What makes Speaker Dillon seem to think that something like that won't happen again? He, perhaps naively, still thinks that bipartisanship is possible.
Dillon says he wants to forge a long-term, bipartisan solution to Michigan’s chronic financial problems while investing in education and other services needed to help resurrect the economy. And he says many of the key decisions must be in the next few months, before lawmakers get sidetracked by an unusually busy 2010 election season.
“This town’s on fire,” Dillon said of Lansing. “We should put the fire out, not be worrying about who’s the next governor. The future of the state is in our hands right now. And that’s my focus.”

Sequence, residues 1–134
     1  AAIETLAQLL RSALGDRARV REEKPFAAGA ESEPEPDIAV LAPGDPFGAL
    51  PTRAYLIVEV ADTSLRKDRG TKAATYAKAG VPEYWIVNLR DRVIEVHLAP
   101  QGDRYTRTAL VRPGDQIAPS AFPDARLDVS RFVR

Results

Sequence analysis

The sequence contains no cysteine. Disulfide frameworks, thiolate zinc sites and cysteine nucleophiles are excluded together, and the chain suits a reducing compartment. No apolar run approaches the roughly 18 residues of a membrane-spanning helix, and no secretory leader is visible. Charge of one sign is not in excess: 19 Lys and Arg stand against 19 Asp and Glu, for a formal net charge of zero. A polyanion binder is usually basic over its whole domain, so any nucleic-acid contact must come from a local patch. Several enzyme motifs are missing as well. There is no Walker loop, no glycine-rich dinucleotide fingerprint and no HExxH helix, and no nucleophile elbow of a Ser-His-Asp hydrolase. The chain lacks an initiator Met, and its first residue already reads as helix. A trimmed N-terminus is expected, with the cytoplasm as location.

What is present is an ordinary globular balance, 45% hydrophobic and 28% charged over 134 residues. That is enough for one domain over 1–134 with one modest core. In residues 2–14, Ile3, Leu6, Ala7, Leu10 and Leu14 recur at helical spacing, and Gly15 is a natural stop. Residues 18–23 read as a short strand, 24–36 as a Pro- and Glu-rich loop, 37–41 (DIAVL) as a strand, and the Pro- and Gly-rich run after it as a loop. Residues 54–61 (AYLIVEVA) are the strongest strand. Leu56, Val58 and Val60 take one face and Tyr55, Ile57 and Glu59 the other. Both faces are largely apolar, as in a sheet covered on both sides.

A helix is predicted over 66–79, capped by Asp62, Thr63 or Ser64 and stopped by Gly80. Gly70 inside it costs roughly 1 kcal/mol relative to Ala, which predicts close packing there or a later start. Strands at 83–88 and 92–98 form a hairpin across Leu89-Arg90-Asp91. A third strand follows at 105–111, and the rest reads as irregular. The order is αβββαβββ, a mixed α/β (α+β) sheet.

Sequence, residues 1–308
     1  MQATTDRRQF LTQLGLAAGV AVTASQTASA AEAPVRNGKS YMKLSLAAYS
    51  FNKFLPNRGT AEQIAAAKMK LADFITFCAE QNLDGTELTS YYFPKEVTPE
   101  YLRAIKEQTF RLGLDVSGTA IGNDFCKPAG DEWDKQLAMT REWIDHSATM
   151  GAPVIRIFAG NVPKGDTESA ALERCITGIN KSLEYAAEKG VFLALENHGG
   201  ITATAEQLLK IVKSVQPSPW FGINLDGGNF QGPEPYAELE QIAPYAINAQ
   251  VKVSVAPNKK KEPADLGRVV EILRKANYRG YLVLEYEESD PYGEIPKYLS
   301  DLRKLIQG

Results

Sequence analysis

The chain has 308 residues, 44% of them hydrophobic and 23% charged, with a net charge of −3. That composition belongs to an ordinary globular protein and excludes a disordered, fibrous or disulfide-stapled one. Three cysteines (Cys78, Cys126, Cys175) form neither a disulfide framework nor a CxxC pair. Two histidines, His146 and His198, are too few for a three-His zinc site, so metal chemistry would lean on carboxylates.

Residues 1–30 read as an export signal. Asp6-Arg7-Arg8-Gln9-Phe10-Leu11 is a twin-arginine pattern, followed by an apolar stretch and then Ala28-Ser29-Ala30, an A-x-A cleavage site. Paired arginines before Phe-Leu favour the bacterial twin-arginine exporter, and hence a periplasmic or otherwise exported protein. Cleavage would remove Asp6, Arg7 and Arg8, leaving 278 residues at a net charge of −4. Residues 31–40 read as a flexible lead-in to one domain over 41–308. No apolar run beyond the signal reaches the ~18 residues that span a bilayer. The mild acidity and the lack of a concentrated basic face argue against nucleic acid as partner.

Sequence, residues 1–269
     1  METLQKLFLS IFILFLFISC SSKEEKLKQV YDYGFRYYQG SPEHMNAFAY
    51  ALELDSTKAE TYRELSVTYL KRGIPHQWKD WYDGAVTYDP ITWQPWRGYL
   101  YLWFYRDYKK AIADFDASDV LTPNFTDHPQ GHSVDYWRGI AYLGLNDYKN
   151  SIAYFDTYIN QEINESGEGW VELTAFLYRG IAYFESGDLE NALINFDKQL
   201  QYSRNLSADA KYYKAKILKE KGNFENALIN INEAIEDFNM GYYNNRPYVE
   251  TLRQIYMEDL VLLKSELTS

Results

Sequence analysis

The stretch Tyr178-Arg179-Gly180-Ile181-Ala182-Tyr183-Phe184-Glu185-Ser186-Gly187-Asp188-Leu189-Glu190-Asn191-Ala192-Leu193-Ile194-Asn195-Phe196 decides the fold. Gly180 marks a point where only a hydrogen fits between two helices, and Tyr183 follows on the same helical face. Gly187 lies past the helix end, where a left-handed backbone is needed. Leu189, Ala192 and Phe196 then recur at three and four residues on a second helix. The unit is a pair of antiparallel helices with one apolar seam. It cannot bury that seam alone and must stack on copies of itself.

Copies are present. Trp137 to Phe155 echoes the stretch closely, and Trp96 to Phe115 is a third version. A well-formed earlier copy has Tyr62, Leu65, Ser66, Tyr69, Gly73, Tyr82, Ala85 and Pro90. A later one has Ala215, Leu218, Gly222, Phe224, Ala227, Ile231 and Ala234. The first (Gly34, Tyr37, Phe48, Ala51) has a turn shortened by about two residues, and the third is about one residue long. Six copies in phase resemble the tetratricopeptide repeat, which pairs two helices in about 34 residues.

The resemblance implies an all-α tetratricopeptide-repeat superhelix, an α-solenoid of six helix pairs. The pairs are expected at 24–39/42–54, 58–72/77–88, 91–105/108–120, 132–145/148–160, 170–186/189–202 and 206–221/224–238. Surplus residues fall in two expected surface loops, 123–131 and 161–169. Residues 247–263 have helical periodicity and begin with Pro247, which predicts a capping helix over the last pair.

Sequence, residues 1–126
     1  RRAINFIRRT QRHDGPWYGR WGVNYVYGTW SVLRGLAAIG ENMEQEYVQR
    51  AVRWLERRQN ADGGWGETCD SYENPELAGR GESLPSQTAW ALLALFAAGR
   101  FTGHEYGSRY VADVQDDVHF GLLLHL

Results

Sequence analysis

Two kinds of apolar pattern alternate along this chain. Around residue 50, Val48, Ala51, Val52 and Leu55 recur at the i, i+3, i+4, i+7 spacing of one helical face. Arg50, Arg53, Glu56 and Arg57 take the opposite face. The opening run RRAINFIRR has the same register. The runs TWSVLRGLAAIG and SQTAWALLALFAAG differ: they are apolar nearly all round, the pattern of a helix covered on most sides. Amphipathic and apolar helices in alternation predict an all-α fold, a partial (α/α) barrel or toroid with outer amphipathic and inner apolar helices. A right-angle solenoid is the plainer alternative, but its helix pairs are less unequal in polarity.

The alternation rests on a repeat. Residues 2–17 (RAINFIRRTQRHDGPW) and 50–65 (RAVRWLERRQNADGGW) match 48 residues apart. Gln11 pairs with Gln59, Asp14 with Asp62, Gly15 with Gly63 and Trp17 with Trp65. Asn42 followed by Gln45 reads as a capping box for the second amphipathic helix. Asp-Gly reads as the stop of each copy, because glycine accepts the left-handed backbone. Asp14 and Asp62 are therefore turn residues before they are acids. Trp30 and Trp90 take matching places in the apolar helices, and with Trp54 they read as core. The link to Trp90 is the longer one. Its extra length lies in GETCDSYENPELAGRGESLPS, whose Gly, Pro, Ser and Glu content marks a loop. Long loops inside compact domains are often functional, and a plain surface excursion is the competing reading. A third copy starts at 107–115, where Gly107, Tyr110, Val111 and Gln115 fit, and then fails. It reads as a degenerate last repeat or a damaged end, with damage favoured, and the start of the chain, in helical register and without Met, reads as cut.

Too late, Andy. The game is already well under way, and anything you say or do is going to be used against you from here on out.
It's been said the Granholm didn't line up the House Democrats before she floated the 2% tax idea, but at least she had the presentation and the paperwork to back up her claims. It's also been said that Dillon did support it, and then backed out. While those of us who supported the plan may have been hoping for a bit of schadenfreude to visit the House Democrats, the taste of it now is actually quite bitter, as history appears to be repeating itself.
There is economic theory, and there is political reality, and the Speaker needs to figure out how to both navigate and marry the two together, something that always seems to elude the Democrats as a whole. Unfortunately, he is going to run out of time before he figures it out - and that is exactly what the Republicans have in mind.